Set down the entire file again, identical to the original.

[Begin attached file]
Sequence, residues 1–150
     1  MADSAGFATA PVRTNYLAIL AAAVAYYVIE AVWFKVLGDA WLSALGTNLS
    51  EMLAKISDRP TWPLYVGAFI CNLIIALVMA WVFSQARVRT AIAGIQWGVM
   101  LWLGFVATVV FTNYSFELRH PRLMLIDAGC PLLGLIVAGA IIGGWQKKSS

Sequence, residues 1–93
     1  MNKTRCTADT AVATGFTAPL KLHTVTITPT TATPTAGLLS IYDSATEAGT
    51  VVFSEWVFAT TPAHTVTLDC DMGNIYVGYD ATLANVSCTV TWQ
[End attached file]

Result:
Sequence, residues 1–150
     1  MADSAGFATA PVRTNYLAIL AAAVAYYVIE AVWFKVLGDA WLSALGTNLS
    51  EMLAKISDRP TWPLYVGAFI CNLIIALVMA WVFSQARVRT AIAGIQWGVM
   101  LWLGFVATVV FTNYSFELRH PRLMLIDAGC PLLGLIVAGA IIGGWQKKSS

Sequence, residues 1–93
     1  MNKTRCTADT AVATGFTAPL KLHTVTITPT TATPTAGLLS IYDSATEAGT
    51  VVFSEWVFAT TPAHTVTLDC DMGNIYVGYD ATLANVSCTV TWQ